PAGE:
Egg Step by Step Basic Shading Tutorial
This tutorial explains the basics of shading using an egg with a simple surface and background. It also shows a practical application of different types of pencil strokes and can be particularly helpful for beginner artists.
For an explanation of the different types of strokes used in this tutorial see:
Shading Techniques and Stroke Types
Step 1 – Outline the Shape of the Egg
The egg is a very basic shape so there is not much to do in the initial step. Simply draw it’s outer shape similar to an oval where one end is pointier then the other. You can also add a straight horizontal line to indicate the edge of the surface it’s sitting on.
Step 2 – Determine the Light & Dark Areas
As you can see based on the finished drawing the light will be coming from the upper left. This means that the upper left side of the egg will be it’s lightest area. The egg will get darker towards the right as it’s surface curves away from the main light source.
You will also notice that a little bit past the middle it once again becomes lighter. This is due to the reflection of the main light source from the surface the egg is sitting on illuminating it’s bottom right side. However this area will not be as bright as that lit up by the main light source.
The egg will also cast a shadow to it’s right (directly opposite the main light source). The base of this shadow will be the darkest area of the drawing. As the shadow moves away from the egg it will become lighter and more blurred.
Keeping all of these things in mind you can move to the actual process of shading the egg.
Step 3 – Determine the Direction of the Shading Strokes
The strokes in the above example show the general directions and stroke types which you will want to shade the different parts of the drawing.
In this case we will use curved strokes for shading the egg, straight one directional strokes for shading the surface it’s sitting on and straight cross hatch strokes for the background.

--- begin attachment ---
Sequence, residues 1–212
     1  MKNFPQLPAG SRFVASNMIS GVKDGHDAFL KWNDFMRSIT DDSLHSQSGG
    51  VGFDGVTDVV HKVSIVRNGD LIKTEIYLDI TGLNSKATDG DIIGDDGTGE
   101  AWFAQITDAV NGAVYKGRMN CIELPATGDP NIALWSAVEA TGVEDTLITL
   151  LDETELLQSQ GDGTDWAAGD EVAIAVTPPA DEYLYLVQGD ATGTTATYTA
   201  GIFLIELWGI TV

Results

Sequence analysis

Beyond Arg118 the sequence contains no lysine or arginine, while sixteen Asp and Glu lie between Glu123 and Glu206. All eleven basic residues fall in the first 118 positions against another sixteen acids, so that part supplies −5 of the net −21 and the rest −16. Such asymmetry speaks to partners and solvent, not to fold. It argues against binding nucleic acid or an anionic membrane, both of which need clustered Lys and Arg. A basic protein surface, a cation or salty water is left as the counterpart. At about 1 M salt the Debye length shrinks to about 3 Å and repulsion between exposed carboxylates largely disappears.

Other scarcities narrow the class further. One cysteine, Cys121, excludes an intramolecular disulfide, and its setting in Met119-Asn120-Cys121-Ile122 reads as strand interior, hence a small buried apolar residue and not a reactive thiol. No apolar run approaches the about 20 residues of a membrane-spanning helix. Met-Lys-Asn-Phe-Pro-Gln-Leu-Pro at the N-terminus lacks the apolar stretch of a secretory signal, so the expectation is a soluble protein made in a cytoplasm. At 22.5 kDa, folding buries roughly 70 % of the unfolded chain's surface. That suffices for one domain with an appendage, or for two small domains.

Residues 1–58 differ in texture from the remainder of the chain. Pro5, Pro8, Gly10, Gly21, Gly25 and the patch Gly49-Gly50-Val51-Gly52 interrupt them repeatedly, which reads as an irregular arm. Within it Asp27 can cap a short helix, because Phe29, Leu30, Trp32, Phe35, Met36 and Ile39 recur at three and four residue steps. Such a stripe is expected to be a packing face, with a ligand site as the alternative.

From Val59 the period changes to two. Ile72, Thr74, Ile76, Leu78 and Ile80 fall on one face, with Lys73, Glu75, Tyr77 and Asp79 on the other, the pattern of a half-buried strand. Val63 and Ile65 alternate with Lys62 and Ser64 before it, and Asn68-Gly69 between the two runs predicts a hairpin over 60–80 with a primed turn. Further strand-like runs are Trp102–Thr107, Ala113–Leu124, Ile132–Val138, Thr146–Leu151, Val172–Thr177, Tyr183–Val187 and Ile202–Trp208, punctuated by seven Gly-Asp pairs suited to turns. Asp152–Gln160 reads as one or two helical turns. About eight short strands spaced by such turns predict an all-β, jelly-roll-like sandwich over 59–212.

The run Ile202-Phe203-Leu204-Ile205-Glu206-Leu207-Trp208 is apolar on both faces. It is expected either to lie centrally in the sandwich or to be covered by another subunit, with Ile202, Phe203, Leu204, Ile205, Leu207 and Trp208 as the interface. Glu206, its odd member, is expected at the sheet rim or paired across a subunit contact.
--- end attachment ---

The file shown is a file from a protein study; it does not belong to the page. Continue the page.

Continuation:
You can see the two different directions of the background strokes on each side of the drawing. These will overlap to create the crosshatch. Please note that this is simply shown to make the shading process easier to understand. When you are shading your drawing you can first fully cover the background with one set of strokes and apply the second set afterwards.
Step 4 – Shade Each Surface Area
Fully shade your drawing applying the strokes in the directions described above. Once you pretty much fill in the table/surface area the egg is on top of you can add a darker set of straight crosshatch strokes to create the shadow. Make the first set along it’s general direction and the second slightly angled in relation to the first one.
Step 5 – Refine the Shading & Finish the Drawing
Finish the drawing by applying more strokes to each area to somewhat fill the gaps between them. You will also want to gradually darken the in shadow areas and create smoother transitions from light to dark. For the egg itself you can blend the strokes to the point of barely visible to show that it has a smooth surface. As the egg is the subject of the drawing it’s also generally a good idea to develop it slightly more than it’s background.
When it comes to the shadow you can fully blend the strokes to the point of invisible and carefully blur it’s edges. As mentioned earlier the shadow should become lighter and more blurry the further it moves away form the objects (the egg).
You can darken both the background and the surface areas but try and do it in a way where the egg sands out from both. If you look at the example you can see that the background area is generally darker than the surface of the egg. You can also leave a tiny white edge around the darker areas of the egg to make sure that it does not blend into it’s surroundings.
Also in the example the table/surface area is darker then the light side of the egg and lighter than it’s dark side. With the really dark shadow between there are no issues of the egg blending into the surface area either.
Drawing an egg along with a basic surface and background may seem fairly simple but there is still quite a bit to know if you want to create a realistic looking drawing. Hopefully this tutorial helped you gain a better understand of applying different types of pencil strokes as well as shading in general.
For more on shading simple objects see:
Drawing & Shading Basic 3d Shapes Tutorial